Don’t forget: The world started before 1200 A.D.

The College Board’s recent change to AP World History is unfairly Eurocentric.

In high school, I took an Advanced Placement World History class that focused on teaching the history of a diverse range of cultures.

But in July, the College Board, a not-for-profit education organization that runs the AP program, announced AP World History will no longer include material that occurred before the year 1200 to adequately cover all of human history. The College Board originally sought to start AP World History at about year 1450 before amending its plan due to receiving criticism that the class would be too Eurocentric.

Nevertheless, it will exclude thousands of years of human history from its curriculum, only covering the past 800 years.

The new AP World History: Modern course is set to launch next fall. The College Board is also working to create a pre-1200 class option because of backlash it received.

But that can not become a reality unless high schools agree to pay for another AP class. Another option is the new Pre-AP World History and Geography course, which would still be an additional cost to schools and doesn’t provide students with the opportunity for college credit.

Beginning the study of world history in 1200 gives students a fragmented understanding of the cultures they are learning about. While it might make for an easier curriculum to teach, it disregards massive contributions to the world from many societies during earlier eras in history, like the ancient Egyptian culture, the creation of agriculture and the lives of Aristotle and Confucius.

Howard Spodek, a world history professor who has worked with Philadelphia high schools to revise their world history curricula, said he disagrees with the College Board’s decision.

“Not only are they taking out the importance of the non-Western world, but they’re taking out the importance of the early Western world, too,” Spodek said. “These are the elements that help us see the world whole, see how we’ve developed, and they’re taking it out.”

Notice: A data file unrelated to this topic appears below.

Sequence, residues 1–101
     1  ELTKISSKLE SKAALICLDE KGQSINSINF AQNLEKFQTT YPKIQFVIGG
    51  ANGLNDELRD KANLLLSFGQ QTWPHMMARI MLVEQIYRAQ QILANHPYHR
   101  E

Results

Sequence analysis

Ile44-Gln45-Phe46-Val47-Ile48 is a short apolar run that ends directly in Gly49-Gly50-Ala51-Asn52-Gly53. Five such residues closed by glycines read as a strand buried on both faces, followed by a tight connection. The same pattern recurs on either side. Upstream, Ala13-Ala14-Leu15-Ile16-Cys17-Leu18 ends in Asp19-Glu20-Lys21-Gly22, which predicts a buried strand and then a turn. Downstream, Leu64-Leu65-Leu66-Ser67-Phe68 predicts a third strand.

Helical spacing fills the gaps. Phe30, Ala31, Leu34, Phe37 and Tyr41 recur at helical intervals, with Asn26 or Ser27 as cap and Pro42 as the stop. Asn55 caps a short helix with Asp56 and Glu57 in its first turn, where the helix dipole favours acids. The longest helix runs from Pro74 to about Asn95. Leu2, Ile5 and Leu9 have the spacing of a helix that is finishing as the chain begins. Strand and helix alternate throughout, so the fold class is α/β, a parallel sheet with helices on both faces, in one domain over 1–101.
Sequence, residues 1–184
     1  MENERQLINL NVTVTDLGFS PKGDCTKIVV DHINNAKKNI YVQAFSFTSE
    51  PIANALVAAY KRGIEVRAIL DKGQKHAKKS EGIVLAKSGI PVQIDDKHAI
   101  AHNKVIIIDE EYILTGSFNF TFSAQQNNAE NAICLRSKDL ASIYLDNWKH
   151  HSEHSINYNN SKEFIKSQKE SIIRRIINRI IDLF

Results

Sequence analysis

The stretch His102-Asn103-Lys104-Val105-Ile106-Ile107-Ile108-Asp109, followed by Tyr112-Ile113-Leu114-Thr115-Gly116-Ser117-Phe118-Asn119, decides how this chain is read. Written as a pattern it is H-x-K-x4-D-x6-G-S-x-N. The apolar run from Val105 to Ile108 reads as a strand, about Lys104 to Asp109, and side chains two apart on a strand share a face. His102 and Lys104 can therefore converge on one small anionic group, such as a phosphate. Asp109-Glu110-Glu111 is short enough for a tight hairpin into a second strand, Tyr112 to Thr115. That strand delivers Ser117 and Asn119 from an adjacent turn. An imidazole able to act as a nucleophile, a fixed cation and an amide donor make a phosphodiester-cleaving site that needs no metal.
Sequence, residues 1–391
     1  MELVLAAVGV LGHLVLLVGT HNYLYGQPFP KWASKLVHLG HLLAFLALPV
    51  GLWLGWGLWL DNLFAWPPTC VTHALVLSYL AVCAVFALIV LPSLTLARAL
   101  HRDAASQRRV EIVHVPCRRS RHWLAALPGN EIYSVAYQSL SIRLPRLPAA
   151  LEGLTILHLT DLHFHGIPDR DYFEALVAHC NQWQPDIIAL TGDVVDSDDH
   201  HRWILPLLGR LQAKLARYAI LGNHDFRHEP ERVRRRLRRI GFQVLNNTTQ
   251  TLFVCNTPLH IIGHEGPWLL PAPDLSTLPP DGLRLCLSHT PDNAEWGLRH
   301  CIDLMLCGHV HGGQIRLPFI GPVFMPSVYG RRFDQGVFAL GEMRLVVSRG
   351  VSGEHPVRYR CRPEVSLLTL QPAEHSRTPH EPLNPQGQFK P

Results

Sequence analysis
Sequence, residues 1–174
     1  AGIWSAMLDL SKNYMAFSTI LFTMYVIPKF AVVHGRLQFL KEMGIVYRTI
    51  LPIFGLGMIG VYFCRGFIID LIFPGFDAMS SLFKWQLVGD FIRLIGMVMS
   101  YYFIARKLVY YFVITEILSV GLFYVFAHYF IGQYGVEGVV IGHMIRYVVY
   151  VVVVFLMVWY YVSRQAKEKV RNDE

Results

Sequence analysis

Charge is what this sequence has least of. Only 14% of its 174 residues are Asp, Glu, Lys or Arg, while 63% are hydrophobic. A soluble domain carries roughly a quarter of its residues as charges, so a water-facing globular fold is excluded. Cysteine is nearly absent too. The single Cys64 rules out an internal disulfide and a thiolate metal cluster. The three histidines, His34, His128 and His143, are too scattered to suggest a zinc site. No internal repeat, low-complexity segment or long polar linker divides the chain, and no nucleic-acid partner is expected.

Through studying major historical events, we can more effectively understand contemporary political issues, like race relations and economic inequality. By ignoring those events, we’re looking at modern politics from an incomplete view.

The College Board is disregarding the eras when non-Western empires, like China and Persia, were the dominant states on the planet. After 1200, the focus of world history shifts toward Europe due to the Renaissance and colonialism. By changing the start date of world history, the College Board is examining world history in a Eurocentric lens without properly representing other cultures.

Looking back on my time studying AP World History, I see the importance of an unabridged curriculum. Learning about the history of multiple countries gives students the ability to sympathize with the struggles of other cultural groups. By understanding the history of Latin American or Middle Eastern cultures, students can grow to understand the plights of these groups, which can be pivotal in a country where immigration policy is a controversial issue.

“What we teach matters,” said Timothy J. Patterson, a secondary social studies education professor. “My concern is that by constricting teachers’ choices in selecting material to cover, what they’ve done is limit teachers’ ability to speak to diverse cultures in their classroom.”

The College Board is not only giving students an unfairly Eurocentric view of history, but also is damaging their educational experiences. And in a world as culturally diverse as ours, providing a partial view of history feels like a crime.

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